The Last of Us Creator Reveals Alternate Season Finale Ending

[Warning: This story contains spoilers for The Last of Us episode 9, "Look for the Light."] HBO's The Last of Us ends its first season like the video game: Joel (Pedro Pascal) tells Ellie (Bella Ramsey) that no matter who dies — Riley (Storm Reid), Tess (Anna Torv), Sam (Keivonn Woodard) — they find something new to fight for. In the final scene of the season, Ellie makes Joel swear. Swear to her that everything he said about the Fireflies is true. Swear that dozens of people like Ellie exist who are immune to the cordyceps infection, and Marlene's (Merle Dandridge) Fireflies stopped looking for a cure.  

"I swear," Joel lies to Ellie, who was unconscious when Joel murdered Marlene and the Fireflies to save the girl he's come to see as a daughter. Joel gunned down a Firefly doctor before he could remove the cordyceps from Ellie's brain — fatal for Ellie, but the key to humanity's survival. 

"Okay," Ellie says. Recreating the video game ending that fans have debated for a decade, the camera then abruptly cuts to black. End Part I.

How The Last of Us Ending Changed

But the show's version of the scene almost ended differently: in an alternate ending, the camera would have lingered on the growing distance between Joel and Ellie as they made their way down toward Jackson, Wyoming.

"The change was really more something that Ali Abbasi, our director, had been playing around with. He had this thought of just playing out this slightly longer, sadder version where Ellie says, 'okay', and then she turns and walks away. And Joel looks after her. We see the two of them walking, not really together but apart, down towards Jackson. It lingers and then fades. There was something beautiful about it," series co-creator Craig Mazin, who co-wrote the episode with game writer Neil Druckmann, told GQ Magazine. "Everybody was like 'what do we do?' And there was that meta-discussion of, are the people that played the game going to be more annoyed that they didn't get it just the way it's supposed to be, or are they gonna be more annoyed that they only got what they had before? And then how will everybody else feel?"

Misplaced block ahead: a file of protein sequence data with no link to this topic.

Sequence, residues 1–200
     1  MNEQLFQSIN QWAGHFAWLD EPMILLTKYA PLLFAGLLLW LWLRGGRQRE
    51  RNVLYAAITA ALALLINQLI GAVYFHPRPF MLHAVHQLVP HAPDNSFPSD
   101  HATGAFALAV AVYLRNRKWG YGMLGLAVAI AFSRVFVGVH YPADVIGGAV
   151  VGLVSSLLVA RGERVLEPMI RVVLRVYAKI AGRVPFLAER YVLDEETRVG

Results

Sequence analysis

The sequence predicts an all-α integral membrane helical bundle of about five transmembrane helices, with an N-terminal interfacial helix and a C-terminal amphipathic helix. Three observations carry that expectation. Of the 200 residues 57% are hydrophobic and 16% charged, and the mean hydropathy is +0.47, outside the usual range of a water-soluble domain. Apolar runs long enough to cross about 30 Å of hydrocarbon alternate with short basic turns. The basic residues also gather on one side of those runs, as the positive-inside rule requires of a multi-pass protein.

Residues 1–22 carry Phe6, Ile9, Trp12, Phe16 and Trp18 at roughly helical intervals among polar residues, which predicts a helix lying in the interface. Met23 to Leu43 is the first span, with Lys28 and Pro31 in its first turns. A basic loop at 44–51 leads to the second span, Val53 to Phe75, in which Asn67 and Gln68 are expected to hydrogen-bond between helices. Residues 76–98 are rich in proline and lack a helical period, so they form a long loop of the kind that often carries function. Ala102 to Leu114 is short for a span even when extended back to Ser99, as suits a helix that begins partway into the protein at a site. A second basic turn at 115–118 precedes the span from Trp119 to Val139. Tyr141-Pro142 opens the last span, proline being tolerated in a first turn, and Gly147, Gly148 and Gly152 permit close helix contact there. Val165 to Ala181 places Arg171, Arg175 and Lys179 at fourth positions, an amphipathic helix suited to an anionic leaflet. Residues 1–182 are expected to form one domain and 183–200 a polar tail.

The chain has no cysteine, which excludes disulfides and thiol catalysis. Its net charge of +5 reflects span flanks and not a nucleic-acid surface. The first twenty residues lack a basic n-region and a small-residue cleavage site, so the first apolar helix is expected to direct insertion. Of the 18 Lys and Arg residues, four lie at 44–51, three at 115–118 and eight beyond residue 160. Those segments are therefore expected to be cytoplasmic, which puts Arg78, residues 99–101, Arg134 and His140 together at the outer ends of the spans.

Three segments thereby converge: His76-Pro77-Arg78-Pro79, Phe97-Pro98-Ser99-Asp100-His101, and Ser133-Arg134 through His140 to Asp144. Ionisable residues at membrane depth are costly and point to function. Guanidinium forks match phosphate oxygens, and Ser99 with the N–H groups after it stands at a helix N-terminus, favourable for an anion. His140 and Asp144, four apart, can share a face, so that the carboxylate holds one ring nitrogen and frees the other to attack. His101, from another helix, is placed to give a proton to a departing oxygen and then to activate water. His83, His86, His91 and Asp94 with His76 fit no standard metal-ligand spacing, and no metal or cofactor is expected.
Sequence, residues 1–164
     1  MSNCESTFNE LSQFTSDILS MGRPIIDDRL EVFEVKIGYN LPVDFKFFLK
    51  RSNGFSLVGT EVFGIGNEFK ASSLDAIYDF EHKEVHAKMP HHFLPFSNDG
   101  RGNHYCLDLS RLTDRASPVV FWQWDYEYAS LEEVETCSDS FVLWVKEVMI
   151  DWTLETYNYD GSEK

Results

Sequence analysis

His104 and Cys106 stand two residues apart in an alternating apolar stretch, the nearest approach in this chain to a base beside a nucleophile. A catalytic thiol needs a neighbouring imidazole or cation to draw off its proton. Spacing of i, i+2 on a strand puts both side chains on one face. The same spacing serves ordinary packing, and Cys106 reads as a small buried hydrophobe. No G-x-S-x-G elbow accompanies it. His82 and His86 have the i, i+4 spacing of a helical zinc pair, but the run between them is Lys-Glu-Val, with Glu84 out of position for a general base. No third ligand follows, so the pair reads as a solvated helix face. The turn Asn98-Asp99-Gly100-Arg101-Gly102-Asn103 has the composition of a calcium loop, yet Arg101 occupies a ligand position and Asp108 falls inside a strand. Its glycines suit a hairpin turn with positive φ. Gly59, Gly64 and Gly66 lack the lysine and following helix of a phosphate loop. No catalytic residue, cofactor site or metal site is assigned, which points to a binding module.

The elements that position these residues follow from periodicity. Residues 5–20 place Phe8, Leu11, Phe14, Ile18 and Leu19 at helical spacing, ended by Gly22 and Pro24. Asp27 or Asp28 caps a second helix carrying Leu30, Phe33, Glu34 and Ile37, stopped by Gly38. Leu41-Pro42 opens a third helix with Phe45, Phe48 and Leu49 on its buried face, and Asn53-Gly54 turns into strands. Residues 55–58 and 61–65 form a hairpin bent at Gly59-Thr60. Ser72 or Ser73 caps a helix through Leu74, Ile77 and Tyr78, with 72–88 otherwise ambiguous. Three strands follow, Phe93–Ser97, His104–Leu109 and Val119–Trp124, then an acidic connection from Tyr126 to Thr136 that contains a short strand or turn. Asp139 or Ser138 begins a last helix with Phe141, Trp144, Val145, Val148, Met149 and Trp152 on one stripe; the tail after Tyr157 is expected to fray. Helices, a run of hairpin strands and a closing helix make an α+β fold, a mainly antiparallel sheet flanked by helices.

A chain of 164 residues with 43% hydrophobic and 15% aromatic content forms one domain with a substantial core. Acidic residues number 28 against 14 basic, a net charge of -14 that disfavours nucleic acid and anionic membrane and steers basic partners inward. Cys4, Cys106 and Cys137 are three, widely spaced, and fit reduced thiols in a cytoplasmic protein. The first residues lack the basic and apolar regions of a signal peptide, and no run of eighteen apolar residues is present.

Mazin continued: "In the end, there's something very specific about ending on that close-up of Ellie. Not knowing what comes next. Not knowing what she does. Does she walk away from him, does she walk with him, how does she feel? That moment gets suspended permanently."

Mazin suspected that show viewers would "get angry" over the season's cliffhanger ending, adding that reaction is "the anger of desire and anticipation." (The Last of Us season 2 is likely at least two years away.) For fans who played the video game — not knowing at the time that a sequel would come seven years later in 2020's The Last of Us Part II — the cut to black wasn't a cliffhanger, but an ending. 

"Obviously, there's the moral kind of ambiguity of that decision: are people still rooting for Joel as he's lying to Ellie's face? But when we made the game, and that ending hit, no one knew if we're gonna make another game," Druckmann said. "So I think it was easier for people to accept it's not a cliffhanger, it's a proper ending. Here, they might say 'Oh, you left us with a cliffhanger' as they know season two is coming. So that'll be interesting to see if that means people have a different reaction."

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